The Portuguese authorities in charge of the search for missing four-year-old Madeleine McCann announced Tuesday they would occasionally brief the public about the case.
The Superior Council of Magistrates, which oversees the work of judges, said it would provide information it deemed necessary due to the "inadequacies" of the judicial system in dealing with the media, the Associated Press reported.
The move came after the judge supervising the investigation requested more information be made public.
Authorities have been criticized for not disclosing many details about the investigation. Portugal's secrecy laws around ongoing investigations limited what information could be released.
The police had handled media inquiries but declined to comment after handing the case to the judge.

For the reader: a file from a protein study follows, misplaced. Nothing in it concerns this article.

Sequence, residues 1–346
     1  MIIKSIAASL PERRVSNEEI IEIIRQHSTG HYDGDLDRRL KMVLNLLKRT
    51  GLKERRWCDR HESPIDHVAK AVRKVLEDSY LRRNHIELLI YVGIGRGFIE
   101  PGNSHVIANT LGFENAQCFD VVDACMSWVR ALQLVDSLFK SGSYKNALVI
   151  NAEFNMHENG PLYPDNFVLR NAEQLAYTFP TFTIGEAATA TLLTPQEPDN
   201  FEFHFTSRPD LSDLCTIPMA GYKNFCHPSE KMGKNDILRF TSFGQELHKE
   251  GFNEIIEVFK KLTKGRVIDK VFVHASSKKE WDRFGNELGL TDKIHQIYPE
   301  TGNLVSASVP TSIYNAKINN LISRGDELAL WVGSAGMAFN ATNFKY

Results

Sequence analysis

Madeleine McCann went missing from her family's Portuguese hotel room on May 3. Her parents said they had left their three children sleeping in the room while they dined at a nearby restaurant and returned to find Madeleine missing.
Kate and Gerry McCann were named as suspects in her disappearance but have not been charged. They returned to their home village of Rothley, 160 kilometres north of London, with their two other children.
They have insisted they had nothing to do with Madeleine's disappearance.
Clarence Mitchell, the family's newspokesman, repeated that claim on Tuesday.
"To suggest that they somehow harmed Madeleine, accidentally or otherwise, is as ludicrous as it is nonsensical," he said. "It would be laughable if it wasn't so serious."
The focus should return to the search for the missing four-year-old, he added.
"Kate and Gerry are therefore again urging everyone to keep looking, not to forget the search for Madeleine, as they firmly believe that she could still be alive," he said.